It has come to my attention
that people like me
are generally not welcome in fairy tales.
It's the talking birds that do it.
The minute a sparrow shows up to pipe a direful warning
it's all over
down at the first hurdle
The body in the fifty-fathom well
will have to wait
the old woman turned into a hare
the murdered mother in the juniper tree
as I whip out my Sibley guide and look for the entry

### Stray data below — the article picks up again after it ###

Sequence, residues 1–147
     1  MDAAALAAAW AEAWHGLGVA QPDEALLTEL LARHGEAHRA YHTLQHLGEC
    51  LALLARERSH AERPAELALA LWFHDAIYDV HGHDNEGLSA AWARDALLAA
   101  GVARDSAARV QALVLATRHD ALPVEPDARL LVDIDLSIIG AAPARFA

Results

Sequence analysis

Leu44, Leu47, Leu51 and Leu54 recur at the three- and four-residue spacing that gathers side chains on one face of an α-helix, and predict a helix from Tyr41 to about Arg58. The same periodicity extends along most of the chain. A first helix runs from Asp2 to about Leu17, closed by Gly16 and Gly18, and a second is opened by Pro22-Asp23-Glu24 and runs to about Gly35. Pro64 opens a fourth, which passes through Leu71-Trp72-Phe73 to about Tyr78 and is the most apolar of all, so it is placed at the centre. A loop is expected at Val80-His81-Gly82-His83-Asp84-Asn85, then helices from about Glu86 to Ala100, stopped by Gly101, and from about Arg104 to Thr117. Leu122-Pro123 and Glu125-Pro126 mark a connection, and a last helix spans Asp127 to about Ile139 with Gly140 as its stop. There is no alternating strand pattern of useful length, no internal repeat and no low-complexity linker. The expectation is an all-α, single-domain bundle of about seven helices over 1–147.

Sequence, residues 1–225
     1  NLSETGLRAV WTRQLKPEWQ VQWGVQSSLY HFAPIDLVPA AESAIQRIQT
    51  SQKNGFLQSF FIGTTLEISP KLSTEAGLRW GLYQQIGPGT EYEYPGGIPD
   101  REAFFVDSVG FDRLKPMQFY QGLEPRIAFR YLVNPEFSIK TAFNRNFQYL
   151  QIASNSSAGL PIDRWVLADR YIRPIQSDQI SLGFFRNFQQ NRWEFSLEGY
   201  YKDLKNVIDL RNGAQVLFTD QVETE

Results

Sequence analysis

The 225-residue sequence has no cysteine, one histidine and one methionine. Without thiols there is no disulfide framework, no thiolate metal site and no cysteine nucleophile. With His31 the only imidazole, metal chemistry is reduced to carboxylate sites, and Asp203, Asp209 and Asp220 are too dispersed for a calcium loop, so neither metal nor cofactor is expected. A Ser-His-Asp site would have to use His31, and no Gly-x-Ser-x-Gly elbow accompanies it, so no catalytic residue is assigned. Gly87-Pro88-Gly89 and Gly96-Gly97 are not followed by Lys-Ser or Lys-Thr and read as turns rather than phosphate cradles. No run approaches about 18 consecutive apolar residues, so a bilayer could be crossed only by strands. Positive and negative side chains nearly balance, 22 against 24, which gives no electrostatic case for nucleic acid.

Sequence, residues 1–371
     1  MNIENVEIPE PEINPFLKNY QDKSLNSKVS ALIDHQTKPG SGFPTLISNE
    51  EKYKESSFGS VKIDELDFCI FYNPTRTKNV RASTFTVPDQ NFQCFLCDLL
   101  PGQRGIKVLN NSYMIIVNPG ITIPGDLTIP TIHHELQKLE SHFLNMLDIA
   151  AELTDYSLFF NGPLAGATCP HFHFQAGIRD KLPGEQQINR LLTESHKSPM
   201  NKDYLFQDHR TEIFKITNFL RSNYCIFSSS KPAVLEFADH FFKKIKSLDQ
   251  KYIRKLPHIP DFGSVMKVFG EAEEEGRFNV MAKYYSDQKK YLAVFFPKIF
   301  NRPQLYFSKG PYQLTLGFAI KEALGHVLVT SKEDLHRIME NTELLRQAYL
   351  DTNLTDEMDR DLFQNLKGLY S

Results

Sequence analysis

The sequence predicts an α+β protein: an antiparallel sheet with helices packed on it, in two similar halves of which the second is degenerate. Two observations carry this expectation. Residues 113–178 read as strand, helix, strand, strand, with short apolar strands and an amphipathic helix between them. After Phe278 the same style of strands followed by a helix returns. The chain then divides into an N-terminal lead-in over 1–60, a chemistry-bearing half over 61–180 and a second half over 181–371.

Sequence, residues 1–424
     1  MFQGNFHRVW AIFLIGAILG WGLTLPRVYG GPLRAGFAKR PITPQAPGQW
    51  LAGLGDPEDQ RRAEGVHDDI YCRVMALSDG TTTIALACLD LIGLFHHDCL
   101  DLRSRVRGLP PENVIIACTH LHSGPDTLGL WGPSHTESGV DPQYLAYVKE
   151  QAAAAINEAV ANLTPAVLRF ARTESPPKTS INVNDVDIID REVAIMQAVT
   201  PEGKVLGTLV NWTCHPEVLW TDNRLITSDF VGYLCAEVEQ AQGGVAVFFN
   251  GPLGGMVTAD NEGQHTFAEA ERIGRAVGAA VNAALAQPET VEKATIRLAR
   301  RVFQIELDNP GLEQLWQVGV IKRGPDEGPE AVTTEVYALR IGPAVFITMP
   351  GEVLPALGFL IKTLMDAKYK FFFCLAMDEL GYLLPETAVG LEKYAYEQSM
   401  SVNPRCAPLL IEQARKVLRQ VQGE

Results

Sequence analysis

with the fieldmark labeled capable of human speech.
For this crime
I have been accused of a failure of wonder
of having chained up my inner child and sent her
to work in the salt mines.
But the truth
(if you really want to know)
is that I have read too many fairy tales
and lived a bit too long
to be surprised by anything that happens in
the cottages of lonely woodcutters.
I can even venture a guess
to why the bear speaks with the voice of a maiden
(my heart goes out to her)
and why, when the animal has saved your life,
you will be required to make a harp out of its bones.
These are o